Wednesday, October 04, 2006
Life in a Leaf Litter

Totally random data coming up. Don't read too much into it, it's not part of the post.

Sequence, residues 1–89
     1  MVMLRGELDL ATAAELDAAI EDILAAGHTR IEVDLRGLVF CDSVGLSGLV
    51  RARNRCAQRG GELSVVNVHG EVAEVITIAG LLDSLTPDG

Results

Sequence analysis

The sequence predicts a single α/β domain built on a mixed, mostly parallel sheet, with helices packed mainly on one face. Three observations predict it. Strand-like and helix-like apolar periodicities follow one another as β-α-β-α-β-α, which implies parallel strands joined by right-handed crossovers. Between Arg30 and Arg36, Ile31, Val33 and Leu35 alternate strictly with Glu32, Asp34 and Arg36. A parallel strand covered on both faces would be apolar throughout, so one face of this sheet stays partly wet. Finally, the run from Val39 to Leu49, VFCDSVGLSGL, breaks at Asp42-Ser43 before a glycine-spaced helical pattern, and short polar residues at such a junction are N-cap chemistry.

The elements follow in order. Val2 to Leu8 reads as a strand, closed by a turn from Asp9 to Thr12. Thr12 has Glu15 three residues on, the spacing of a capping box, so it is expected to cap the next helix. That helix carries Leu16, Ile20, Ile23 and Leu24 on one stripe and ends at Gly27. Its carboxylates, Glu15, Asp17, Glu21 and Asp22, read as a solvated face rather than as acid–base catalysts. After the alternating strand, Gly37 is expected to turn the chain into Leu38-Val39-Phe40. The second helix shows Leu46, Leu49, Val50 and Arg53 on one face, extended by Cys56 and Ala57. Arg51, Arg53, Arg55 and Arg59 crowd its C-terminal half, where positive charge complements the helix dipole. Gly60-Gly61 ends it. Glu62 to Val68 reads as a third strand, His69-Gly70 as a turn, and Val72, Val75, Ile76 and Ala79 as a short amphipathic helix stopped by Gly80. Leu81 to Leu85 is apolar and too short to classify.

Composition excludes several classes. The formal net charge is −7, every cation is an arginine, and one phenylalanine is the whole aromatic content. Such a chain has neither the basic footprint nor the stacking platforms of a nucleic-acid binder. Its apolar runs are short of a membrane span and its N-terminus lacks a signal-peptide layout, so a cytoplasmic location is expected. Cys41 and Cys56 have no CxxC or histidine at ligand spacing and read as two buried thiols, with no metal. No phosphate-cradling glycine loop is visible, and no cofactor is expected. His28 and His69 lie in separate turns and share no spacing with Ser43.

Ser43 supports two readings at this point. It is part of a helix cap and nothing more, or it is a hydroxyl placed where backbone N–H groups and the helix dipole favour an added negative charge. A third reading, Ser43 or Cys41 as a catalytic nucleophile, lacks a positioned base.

I will never feel quite the same when I walk on a pile of leaves. Today an 8th grade class got to meet Dr. Timothy Pearce, Assistant Curator at the Carnegie Museum of Natural History in Pittsburgh PA and head of their Mollusk section. Our students were able to enjoy the view from a front row seat while Dr. Pearce, whose research focuses on terrestrial land snails, sorted a fresh sample of a Pennsylvania forest floor and identified life forms that many people never notice. The students learned a lot about this second largest group in the animal kingdom (only insects are larger). They got to see up close and personal snails, slugs and clams that are all members of this species called mollusks. They had plenty of questions for Dr. Pearce too. What do they eat? How do they mate? This was all part of a Meet the Scientist videoconference program at the Carnegie Museum. Dr. Pearce who besides being a leading expert on the subject of mollusks (He literally co-wrote the book "Mollusks: A Guide to their Study, Collection and Observation") also sees himself as a good will ambassador for getting others to appreciate these "under-appreciated” animals. The students got to see a snail’s beating heart. They also were able to observe through close up cameras the critters that can be found in a fresh leaf sample. Dr. Pearce by using three increasingly fine filters, which looked to me like the flour sifters used in baking, demonstrated how to find life in a leaf litter. Dr. Pearce invited the students to join him in identifying mollusks in the New York City area. Yes, we have nature preserves too. We a’re not all concrete. He e-mailed the students a classification guidebook. The class plans to go on a trip and collect their own leaf samples. One of the interesting things the students learned is how the mollusk habitat is being threatened. In Pennsylvania they are building a road right through a mollusk habitat. When winter comes and the salt spreaders come down the highway the snails habitat will be threatened. And every kid knows what happens when you put salt on snails or slugs. They shrivel up and eventually dry up."